[17] R. Mathur and L. K. Peters, “Adjustment of Wind Fields for Application in Air Pollution Modeling,” Atmospheric Environment, Vol. 24, No. 5, 1990, pp. 1095-1106.

[18] Fluidyn-PANACHE Technical Manual, 2009.

[19] B. E. Launder and D. B. Spalding, “Turbulence Models and Their Application to the Prediction of Internal Flows,” Heat and Fluid Flow, Vol. 15, No. 2, 1972, pp. 151-194.

[20] B. E. Launder and D. B. Spalding, “The Numerical Compu- tation of Turbulent Flows,” Computer Methods in Applied Mechanics and Engineering, Vol. 3, No. 2, 1974, pp. 269- 289. doi:10.1016/0045-7825(74)90029-2

[21] C. W. Hirt, A. A. Amsden and J. L. Cook, “An Arbitrary Lagrangian-Eulerian Computing Method for All Flow Speeds,” Journal of Computational Physics, Vol. 14, No. 3, 1974, pp. 227-253. doi:10.1016/0021-9991(74)90051-5

[22] N. R. Meroney, B. M. Leitl, S. Rafailidis and M. Schatzmann, “Wind-Tunnel and Numerical Modeling of Flow and Dispersion about Several Building Shapes,” Journal of Wind Engineering and Industrial Aerodynamics, Vol. 81, No. 1-3, 1999, pp. 333-345. doi:10.1016/S0167-6105(99)00028-8

[23] G. Mellor and H. J. Herring, “A Survey of the Mean Turbulent Field Closure Models,” AIAA Journal, Vol. 11, No. 5, 1973, pp. 590-599. doi:10.2514/3.6803

[1] Y. Anjaneyulu, C. V. Srinivas, D. Hariprasad, L. D. White, J. M. Baham, J. H. Young, R. Hughes, C. Patrick, M. G. Hardy and S. Swanier, “Simulation of Atmospheric Dispersion of Air-Borne Effluent Releases from Point Sources in Mississippi Gulf Coast with Different Meteorological Data,” International Journal of Environmental Research and Public Health, Vol. 6, No. 3, 2009, pp. 1055-1074. doi:10.3390/ijerph6031055

[2] S. Murakami, R. Ooka, A. Mochida, S. Yoshida and S. Kim, “CFD Analysis of Wind Climate from Human Scale to Urban Scale,” Journal of Wind Engineering and Indus- trial Aerodynamics, Vol. 81, No. 1-3, 1999, pp. 57-81. doi:10.1016/S0167-6105(99)00009-4

[3] U. Leenes and A. Pinhas, “The Coastal Boundary Layer and Air Pollution—A High Temporal Resolution Analysis in the East Mediterranean Coast,” Atmospheric Science Journal, Vol. 6, No. 1, 2012, pp. 9-18.

[4] R. B. Stull, “An Introduction to Boundary Layer Meteorology,” Kluwer Publishers, New York, 1988, p. 666. doi:10.1007/978-94-009-3027-8

[5] Z. Sorbjan, “Structure of the Atmospheric Boundary Layer,” Prentice-Hall, Upper Saddle River, 1989.

[6] Venkatram, “Estimating Monin-Obukhov Length in the Stable Boundary Layer for Dispersion Calculations,” Boun- dary Layer Meteorology, Vol. 19, No. 4, 1980, pp. 481- 485.

[7] D. B. Turner, “Workbook of Atmospheric Dispersion Esti- mates: An Introduction to Dispersion Modeling,” 2nd Edition, CRC Press, Boca Raton, 1994.

[8] M. Holtslag and A. P. Van Ulden, “A Simple Scheme for Daytime Estimates of surface fluxes from Routine Wea- ther Data,” Journal of Climate and Applied Meteorology, Vol. 22, No. 4, 1983, pp. 517-529.

[9] A. Bass, “Modeling Long-Range Transport and Diffu- sion,” Proceedings of the 2nd Joint Conference on Applications of Air Pollution Meteorology, New Orleans, 24-27 March 1980, pp. 193-215.

[10] M. R. Beychok, “Fundamentals of Stack Gas Dispersion,” 4th Edition, 2005, p. 124.

[11] B. Blocken and J. Carmeliet, “A Review of Wind-Driven Rain Research in Building Science,” Journal of Wind Engineering and Industrial Aerodynamics, Vol. 92, No. 3, 2004, pp. 1079-1130. doi:10.1016/j.jweia.2004.06.003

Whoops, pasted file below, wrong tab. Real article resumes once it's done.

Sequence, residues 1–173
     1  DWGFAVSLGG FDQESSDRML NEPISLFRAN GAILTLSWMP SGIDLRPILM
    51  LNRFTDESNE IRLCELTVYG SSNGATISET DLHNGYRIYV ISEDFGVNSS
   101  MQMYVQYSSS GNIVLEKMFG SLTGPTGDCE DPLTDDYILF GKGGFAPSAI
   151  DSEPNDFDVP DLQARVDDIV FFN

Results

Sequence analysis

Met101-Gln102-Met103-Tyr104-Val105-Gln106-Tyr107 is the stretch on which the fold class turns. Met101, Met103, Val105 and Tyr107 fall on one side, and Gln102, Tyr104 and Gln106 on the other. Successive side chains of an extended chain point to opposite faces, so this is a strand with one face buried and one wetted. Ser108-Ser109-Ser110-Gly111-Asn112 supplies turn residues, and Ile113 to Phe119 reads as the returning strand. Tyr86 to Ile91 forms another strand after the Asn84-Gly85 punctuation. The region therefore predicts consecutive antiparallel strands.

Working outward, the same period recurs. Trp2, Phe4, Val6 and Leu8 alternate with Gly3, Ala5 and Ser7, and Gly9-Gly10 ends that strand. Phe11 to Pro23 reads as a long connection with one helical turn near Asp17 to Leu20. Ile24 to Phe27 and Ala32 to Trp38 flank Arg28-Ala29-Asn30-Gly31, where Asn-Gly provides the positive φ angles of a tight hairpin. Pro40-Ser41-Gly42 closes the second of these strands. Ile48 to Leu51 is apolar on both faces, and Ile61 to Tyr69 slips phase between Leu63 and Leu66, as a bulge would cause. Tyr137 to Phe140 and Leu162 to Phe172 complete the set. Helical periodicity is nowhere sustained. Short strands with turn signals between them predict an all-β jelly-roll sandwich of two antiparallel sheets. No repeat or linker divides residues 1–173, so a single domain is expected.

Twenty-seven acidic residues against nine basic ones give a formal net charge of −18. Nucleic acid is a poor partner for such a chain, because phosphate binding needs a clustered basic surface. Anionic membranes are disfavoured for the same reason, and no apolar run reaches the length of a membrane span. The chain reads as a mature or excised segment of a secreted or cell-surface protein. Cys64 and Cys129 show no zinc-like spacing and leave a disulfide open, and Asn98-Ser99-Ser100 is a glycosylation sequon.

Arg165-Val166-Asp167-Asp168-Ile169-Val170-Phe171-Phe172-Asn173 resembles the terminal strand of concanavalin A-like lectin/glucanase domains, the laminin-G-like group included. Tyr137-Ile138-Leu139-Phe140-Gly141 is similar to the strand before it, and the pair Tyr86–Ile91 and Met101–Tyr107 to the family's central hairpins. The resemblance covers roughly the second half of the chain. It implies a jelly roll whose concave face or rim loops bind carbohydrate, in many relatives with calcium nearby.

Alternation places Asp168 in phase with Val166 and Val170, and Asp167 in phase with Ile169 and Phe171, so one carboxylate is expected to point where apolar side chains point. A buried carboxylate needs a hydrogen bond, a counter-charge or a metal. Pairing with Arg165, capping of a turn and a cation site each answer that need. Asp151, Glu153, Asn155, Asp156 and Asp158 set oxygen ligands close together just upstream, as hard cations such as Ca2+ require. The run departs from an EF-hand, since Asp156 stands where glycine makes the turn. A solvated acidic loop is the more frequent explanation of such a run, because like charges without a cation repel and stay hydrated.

[12] G. T. Bitsuamlak, T. Stathopoulos and C. Bedard, “Numerical Evaluation of Wind Flow over Complex Terrain: Review,” Journal of Aerospace Engineering, Vol. 17, No. 4, 2004, pp. 135-145. doi:10.1061/(ASCE)0893-1321(2004)17:4(135)

[13] R. N. Meroney, “Wind Tunnel and Numerical Simulation of Pollution Dispersion: A Hybrid Approach (Working paper, Croucher Advanced Study Insitute on Wind Tunnel Modeling),” Hong Kong University of Science and Technology, Hong Kong, 2004, p. 60.

[14] S. Reichrath and T. W. Davies, “Using CFD to Model the Internal Climate of Greenhouses: Past, Present and Future,” Agronomies, Vol. 22, No. 1, 2002, pp. 3-19.

[15] T. Stathopoulos, “Computational Wind Engineering: Past Achievements and Future Challenges,” Journal of Wind Engineering and Industrial Aerodynamics, Vol. 67-68, 1997, pp. 509-532. doi:10.1016/S0167-6105(97)00097-4

[16] T. H. Shih, W. W. Liou, A. Shabbir, Z. Yang and J. Zhu, “A New k - ε Eddy Viscosity Model for High: Reynolds Number Turbulent Flows,” Computers & Fluids, Vol. 24, No. 3, 1995, pp. 227-238. doi:10.1016/0045-7930(94)00032-T

[17] R. Mathur and L. K. Peters, “Adjustment of Wind Fields for Application in Air Pollution Modeling,” Atmospheric Environment, Vol. 24, No. 5, 1990, pp. 1095-1106.

[18] Fluidyn-PANACHE Technical Manual, 2009.

[19] B. E. Launder and D. B. Spalding, “Turbulence Models and Their Application to the Prediction of Internal Flows,” Heat and Fluid Flow, Vol. 15, No. 2, 1972, pp. 151-194.

[20] B. E. Launder and D. B. Spalding, “The Numerical Compu- tation of Turbulent Flows,” Computer Methods in Applied Mechanics and Engineering, Vol. 3, No. 2, 1974, pp. 269- 289. doi:10.1016/0045-7825(74)90029-2

[21] C. W. Hirt, A. A. Amsden and J. L. Cook, “An Arbitrary Lagrangian-Eulerian Computing Method for All Flow Speeds,” Journal of Computational Physics, Vol. 14, No. 3, 1974, pp. 227-253. doi:10.1016/0021-9991(74)90051-5

[22] N. R. Meroney, B. M. Leitl, S. Rafailidis and M. Schatzmann, “Wind-Tunnel and Numerical Modeling of Flow and Dispersion about Several Building Shapes,” Journal of Wind Engineering and Industrial Aerodynamics, Vol. 81, No. 1-3, 1999, pp. 333-345. doi:10.1016/S0167-6105(99)00028-8

[23] G. Mellor and H. J. Herring, “A Survey of the Mean Turbulent Field Closure Models,” AIAA Journal, Vol. 11, No. 5, 1973, pp. 590-599. doi:10.2514/3.6803